What you need to know about printer ink and cartridge problems.
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The basic colours used by an inkjet printer are cyan, magenta and yellow (CMY), plus black (K). Originally most inkjets had only two ink tanks: black and a tri-colour cartridge. When one colour ran out, the entire cartridge had to be replaced.
Now most of the top-ranking inkjets have four or more ink tanks.
You can certainly see the impact on quality. Photo cyan (PC) and photo magenta (PM) are among the inks appearing more often. These are lighter colours – about half the saturation of regular cyan and magenta.
Other new inks are solid colours such as red and blue. It's more efficient to print directly from one tank, rather than generate a red or blue from CMYK print-heads. Then there are "gloss" inks – these are used to overprint a clear lacquer, giving a glossy surface to the print, and possibly helping its archival properties.
Ever wondered why many printers are so cheap to buy? Here's a reason: they cost big money to run. Just 3 or 4 replacement ink cartridges could cost you more than you spent on the printer itself.
You might be surprised to find how much ink some models waste. Where does it all go? In inkjet printers, a lot of extra ink usage is due to the print head cleaning each time the printer is turned on, and in some cases off.
There's another trap to watch out for. Some printers use a combination of CMY colours to produce a black result, rather than draining the black cartridge (which is considerably cheaper to replace). Customers only become aware of this when they find they have to replace the colour cartridges after printing nothing but mono pages for some time.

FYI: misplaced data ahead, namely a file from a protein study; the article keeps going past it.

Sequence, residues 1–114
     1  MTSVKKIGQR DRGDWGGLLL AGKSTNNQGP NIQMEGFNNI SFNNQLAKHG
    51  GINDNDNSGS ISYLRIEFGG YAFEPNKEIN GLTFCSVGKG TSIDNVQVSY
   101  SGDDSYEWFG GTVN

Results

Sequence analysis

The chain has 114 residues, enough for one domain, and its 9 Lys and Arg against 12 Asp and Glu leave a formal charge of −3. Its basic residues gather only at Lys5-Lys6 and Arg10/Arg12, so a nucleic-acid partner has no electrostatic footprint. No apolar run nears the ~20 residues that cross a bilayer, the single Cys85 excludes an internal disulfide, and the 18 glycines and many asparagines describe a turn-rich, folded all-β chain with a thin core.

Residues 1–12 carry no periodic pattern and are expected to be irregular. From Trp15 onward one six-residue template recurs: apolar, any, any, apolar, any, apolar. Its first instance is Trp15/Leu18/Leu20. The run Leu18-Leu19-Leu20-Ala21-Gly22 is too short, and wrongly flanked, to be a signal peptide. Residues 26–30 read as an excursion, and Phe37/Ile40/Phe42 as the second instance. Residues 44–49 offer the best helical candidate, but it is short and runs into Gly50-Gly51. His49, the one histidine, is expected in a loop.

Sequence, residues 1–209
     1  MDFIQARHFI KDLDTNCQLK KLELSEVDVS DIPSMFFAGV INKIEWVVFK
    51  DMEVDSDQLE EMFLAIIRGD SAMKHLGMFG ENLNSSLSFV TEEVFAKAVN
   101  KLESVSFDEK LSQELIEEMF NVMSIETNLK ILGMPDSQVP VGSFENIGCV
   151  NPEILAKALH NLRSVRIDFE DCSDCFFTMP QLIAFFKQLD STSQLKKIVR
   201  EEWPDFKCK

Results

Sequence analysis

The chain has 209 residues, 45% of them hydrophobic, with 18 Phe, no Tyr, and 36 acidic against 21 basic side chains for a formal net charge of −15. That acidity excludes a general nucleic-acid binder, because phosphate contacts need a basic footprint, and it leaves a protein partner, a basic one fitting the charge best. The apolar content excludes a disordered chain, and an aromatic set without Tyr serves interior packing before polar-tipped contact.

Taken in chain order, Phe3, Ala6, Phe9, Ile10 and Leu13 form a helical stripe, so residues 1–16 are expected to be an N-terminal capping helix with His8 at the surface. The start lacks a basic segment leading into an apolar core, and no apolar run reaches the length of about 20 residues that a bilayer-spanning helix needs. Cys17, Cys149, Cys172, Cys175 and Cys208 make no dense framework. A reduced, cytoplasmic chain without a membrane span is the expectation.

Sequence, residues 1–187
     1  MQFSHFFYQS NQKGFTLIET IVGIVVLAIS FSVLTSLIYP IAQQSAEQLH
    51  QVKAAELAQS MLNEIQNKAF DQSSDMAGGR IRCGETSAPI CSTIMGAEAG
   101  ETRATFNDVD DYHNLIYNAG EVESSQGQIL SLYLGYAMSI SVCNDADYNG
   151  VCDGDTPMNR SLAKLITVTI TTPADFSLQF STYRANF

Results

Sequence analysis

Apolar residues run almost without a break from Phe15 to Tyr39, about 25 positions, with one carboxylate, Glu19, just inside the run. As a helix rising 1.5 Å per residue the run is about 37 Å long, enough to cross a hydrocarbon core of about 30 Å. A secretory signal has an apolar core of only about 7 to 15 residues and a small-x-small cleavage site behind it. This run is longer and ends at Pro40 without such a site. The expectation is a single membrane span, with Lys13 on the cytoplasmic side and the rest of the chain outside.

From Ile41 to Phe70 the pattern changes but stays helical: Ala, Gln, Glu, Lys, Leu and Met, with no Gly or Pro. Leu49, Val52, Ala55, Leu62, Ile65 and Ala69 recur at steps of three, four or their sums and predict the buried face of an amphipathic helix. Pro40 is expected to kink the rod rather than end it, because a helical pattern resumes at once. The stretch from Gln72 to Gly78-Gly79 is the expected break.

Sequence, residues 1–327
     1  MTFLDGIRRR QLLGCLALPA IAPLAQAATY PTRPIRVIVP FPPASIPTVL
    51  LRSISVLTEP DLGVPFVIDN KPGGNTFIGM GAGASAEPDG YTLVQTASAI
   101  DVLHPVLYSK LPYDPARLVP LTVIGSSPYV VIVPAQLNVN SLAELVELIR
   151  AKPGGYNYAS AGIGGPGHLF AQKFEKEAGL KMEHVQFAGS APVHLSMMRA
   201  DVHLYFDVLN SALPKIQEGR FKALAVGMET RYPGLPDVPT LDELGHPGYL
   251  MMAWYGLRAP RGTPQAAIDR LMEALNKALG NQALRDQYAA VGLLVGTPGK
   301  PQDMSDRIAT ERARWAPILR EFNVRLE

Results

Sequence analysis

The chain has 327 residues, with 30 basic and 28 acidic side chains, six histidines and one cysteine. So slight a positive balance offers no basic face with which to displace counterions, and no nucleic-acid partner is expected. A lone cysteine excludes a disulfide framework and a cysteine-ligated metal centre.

Switching the settings to "greyscale" or "draft quality" should fix the problem. It forces the printer to default to the basic black cartridge ... usually.
Our advice: if you're planning to use an inkjet for a lot of mono printing, remember to ask the retailer whether there's a way to prevent it from using the colour cartridges to generate black. If you're misled about this at the point of purchase, then under the Consumer Guarantees Act the retailer has an obligation to replace the printer you bought with one that can do what you asked for.
One option for keeping the cost down is a third-party ink cartridge or cartridge-refill kit. Printer manufacturers would rather you didn't use these, as they make considerable profit from selling their own ink, toner and paper. Some even threaten to invalidate your warranty if you use other-brand products.
The choice is yours. Consumer tests overseas have shown that some third-party products are just as good as proprietary ones. And several of our members have reported good success with refills, and excellent savings on running costs.
Watch out for printers – inkjets or lasers – that are sold with "starter" cartridges. These contain half (or even less) of the usual amount of toner or ink, and consequently have a greatly reduced first yield.
Make sure to ask the retailer whether the printer you're considering includes a full-size cartridge as part of its price. If not, try bargaining. They may be prepared to upgrade the starter to a standard cartridge.